I’ve heard about serial entrepreneurs who start a company, build it up to a certain point, sell it to someone bigger, and then repeat the whole cycle again. But I had never heard of a true biotech sequel until I met Randall Woods a couple weeks ago.
Woods is the CEO of San Diego-based Sequel Pharmaceuticals, and a well-known entrepreneur who’s also the chairman of Biocom, the local biotech trade association. The two-year-old startup is literally the sequel to his previous company, Novacardia, a company that Woods led until it was sold for $350 million to Merck on Sept. 6, 2007.
Sequel came less than 24 hours later. The same nine employees, in the same office, with the same management team, and the same board (except for one), set their sights on a new goal. The idea was to take a drug in the early stage of development, steer it to the later stage of trials until the concept is more proven, and then sell it for a bundle to big drugmaker. Novacardia took a drug into pivotal studies for congestive heart failure, then passed the baton to Merck for the final phase of development. Sequel aspires to do the same thing with a different drug for a different heart ailment—atrial fibrillation.
“We didn’t even have a 24-hour break,” Woods says. “We just changed the sign on the door.”
This group of people clearly has skill in cardiovascular disease, so it knows something about the new problem. Atrial fibrillation is an abnormal heart rhythm that can cause acute attacks, or a chronic condition whose symptoms include shortness of breath, chest pain, or stroke.
About 2.2 million people in the U.S. are estimated to be affected, and it caused 470,000 people to be hospitalized in 2003, according to the American Heart Association. The incidence is thought to be increasing as the Baby Boomers get older. There haven’t been many new developments in treatment either, except Sanofi-Aventis’ dronederone (Multaq), which first won FDA approval in July. That drug showed it could reduce hospitalizations from cardiovascular disease and deaths from all causes by 24 percent when compared to a placebo. Other than that, patients sometimes take beta-blockers to slow down their heart, or warfarin to thin their blood, Woods says. Another treatment from Vancouver, BC-based Cardiome Pharma is seeking FDA approval.
Sequel’s drug, called K201, is designed to block multiple ion channels that are thought to be related to heart rhythm. Another generic drug, amiodarone, has been shown to be effective through this multi-ion channel mechanism, although that drug is toxic, Woods says.
Sequel isn’t saying much about the data it has to prove that its drug can be effective without the toxic side effects of the generic. The Sequel drug is currently in a study designed to select the right dose, which should generate results by the end of this year, Woods says. If the data are positive, the company will be out raising money to run a pivotal trial. This is doable for a company as tiny as Sequel, because it will initially focus on a few hundred patients with acute disease, and it won’t need to show the FDA data from thousands of patients followed over the long-term to assess their “outcomes.” With an acute drug, patients who are rushed to the hospital with racing hearts can be given an IV drug, and measurements can be taken within hours to see if it’s bringing their heart rhythm back to normal. Sequel is also working on an oral treatment, the kind that’s more suitable for chronic conditions, but that’s the bigger arena where a pharma partner (or acquirer) would have to get involved.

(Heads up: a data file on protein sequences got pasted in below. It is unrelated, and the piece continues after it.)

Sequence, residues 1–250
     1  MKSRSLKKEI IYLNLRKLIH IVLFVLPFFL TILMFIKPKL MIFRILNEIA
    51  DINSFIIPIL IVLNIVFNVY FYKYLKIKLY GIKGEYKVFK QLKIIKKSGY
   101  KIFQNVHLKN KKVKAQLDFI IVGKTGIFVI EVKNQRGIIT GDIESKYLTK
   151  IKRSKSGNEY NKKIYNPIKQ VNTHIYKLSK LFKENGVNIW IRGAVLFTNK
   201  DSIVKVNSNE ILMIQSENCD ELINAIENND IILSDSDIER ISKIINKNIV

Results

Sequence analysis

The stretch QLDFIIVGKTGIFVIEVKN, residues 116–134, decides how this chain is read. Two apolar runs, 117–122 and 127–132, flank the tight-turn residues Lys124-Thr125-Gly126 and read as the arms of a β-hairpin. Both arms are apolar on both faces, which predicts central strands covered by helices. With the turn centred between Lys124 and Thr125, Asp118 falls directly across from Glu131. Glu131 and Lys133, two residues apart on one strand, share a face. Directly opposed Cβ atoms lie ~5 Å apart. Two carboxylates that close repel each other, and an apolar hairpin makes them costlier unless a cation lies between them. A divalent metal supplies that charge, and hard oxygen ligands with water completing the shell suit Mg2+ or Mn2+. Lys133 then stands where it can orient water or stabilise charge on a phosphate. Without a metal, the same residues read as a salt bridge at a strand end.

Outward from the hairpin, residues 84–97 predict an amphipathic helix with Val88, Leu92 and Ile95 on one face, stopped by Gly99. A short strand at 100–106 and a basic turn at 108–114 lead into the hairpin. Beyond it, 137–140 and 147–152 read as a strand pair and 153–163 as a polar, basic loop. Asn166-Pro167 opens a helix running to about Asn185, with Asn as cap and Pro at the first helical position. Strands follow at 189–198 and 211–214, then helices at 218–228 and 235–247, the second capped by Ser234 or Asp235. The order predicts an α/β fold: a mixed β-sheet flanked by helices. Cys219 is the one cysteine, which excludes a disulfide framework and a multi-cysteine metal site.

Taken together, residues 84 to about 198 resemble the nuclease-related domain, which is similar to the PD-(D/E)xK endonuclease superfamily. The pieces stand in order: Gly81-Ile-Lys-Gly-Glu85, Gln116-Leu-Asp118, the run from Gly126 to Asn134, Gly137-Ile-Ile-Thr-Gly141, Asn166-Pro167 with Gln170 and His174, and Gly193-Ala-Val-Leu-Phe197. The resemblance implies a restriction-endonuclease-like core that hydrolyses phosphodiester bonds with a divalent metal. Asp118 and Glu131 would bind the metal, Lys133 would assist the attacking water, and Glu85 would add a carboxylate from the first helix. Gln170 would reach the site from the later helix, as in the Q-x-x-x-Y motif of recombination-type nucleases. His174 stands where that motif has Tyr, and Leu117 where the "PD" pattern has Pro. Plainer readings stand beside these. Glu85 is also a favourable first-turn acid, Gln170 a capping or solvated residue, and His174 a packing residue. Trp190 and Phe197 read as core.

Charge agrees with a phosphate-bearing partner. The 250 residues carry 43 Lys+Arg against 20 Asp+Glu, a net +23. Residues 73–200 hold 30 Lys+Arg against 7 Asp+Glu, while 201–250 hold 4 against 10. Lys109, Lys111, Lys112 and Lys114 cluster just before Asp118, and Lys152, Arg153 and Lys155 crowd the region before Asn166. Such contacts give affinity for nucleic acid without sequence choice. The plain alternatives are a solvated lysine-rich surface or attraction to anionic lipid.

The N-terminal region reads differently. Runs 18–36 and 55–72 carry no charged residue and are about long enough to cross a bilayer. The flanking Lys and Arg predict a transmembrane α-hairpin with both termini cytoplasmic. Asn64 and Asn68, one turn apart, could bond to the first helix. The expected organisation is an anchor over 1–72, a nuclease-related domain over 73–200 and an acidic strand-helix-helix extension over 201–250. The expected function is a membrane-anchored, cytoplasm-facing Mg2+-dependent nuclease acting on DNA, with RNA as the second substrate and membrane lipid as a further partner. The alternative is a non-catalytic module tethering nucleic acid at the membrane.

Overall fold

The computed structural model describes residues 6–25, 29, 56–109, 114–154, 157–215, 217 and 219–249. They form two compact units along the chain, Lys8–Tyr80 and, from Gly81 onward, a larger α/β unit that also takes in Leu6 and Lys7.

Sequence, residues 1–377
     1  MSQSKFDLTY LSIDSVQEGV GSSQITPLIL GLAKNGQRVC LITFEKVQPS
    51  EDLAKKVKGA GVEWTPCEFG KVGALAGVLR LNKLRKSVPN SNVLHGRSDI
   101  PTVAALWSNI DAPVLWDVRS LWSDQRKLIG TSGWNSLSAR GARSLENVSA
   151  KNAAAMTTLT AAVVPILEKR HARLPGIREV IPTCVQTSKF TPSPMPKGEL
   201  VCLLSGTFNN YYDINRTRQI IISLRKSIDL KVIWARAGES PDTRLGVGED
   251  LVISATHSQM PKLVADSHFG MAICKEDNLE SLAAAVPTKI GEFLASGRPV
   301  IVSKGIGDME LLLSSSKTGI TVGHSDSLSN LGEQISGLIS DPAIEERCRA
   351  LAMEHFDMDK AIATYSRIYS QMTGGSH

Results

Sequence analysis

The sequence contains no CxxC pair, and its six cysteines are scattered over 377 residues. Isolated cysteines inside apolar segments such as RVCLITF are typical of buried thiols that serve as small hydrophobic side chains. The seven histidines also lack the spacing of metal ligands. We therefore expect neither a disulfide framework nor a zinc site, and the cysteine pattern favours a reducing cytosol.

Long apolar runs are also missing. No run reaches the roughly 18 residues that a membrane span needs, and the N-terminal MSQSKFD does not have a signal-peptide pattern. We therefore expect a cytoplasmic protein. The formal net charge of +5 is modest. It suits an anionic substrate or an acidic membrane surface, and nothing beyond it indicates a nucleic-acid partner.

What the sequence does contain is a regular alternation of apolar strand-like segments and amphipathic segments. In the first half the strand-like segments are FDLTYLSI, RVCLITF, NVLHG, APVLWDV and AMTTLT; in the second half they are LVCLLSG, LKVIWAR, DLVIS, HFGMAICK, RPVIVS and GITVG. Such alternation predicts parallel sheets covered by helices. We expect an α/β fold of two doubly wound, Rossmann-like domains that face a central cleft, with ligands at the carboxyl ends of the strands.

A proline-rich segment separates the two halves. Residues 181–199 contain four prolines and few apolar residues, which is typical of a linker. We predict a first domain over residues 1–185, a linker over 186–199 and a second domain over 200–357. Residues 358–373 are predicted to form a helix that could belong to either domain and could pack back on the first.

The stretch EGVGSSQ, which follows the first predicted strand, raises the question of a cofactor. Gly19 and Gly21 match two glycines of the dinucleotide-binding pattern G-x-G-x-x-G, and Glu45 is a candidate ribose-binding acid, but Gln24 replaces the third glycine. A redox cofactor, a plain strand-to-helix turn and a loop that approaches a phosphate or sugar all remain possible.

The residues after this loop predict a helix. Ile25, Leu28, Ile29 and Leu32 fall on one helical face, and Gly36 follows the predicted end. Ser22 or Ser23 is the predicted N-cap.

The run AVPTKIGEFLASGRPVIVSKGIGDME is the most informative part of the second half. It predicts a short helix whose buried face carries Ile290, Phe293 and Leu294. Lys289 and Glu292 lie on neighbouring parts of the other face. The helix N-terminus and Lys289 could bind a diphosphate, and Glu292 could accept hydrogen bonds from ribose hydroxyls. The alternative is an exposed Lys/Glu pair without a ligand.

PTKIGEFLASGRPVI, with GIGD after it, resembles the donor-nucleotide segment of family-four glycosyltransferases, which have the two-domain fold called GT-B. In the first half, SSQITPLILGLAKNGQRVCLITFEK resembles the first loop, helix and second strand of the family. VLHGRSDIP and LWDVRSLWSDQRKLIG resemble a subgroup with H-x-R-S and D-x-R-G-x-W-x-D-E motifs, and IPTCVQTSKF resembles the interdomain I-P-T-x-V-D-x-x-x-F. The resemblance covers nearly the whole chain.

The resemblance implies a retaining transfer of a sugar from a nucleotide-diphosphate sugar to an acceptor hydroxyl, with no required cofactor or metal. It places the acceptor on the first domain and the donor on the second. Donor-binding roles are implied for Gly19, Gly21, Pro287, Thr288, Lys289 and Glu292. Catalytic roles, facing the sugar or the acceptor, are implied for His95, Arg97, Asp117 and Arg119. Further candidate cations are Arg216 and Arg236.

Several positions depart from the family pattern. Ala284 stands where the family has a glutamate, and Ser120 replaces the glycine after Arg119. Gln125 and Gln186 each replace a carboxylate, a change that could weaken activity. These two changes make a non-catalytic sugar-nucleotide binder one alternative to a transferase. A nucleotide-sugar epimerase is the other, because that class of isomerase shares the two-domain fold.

Woods figures the market for the acute drug is probably worth $500 million a year, while the oral drug could generate $1 billion to $2 billion in annual sales.
That’s not too shabby if this kind of value can be created by just nine people operating a virtual company that leans heavily on outsourced contractors. This model certainly has its critics, who generally don’t get that excited about how it usually requires plucking a drug off some other pharma company’s shelf and trying it for a new use that hasn’t been fully explored.
But to hear Woods tell the story, he likes being lean and mean. Earlier in his career, he worked at big companies like Boehringer Mannheim, and the pharmaceutical giant Eli Lilly, before he spent eight years as CEO of Corvas International, a more traditional R&D-based biotech in San Diego. Corvas had 120 employees at one point, but eventually ended up getting acquired by Seattle-based Dendreon, which really took over it over just to scoop up Corvas’ cash.
“If you have a hiccup or a delay at a bigger company, you have a big building, and 120 people working for you who are college graduates, with a burn rate that’s still high, even though you’re not creating value,” Woods says. “Our burn [at Sequel] is very low. We make decisions quickly. We’re nimble.”
It’s also laid back, just the way Woods likes it. He insisted that I wear a T-shirt on my visit to his office, because, well that’s how he was dressed, and he likes it that way. Since he doesn’t report through some out-of-town Human Resources bureaucracy, they can do what they want.
“Fewer people equals fewer problems,” Woods says. “There are no office politics.” And yes, of course, being small means being allowed to dream big. “The Sequel will be better than the original movie,” Woods says.
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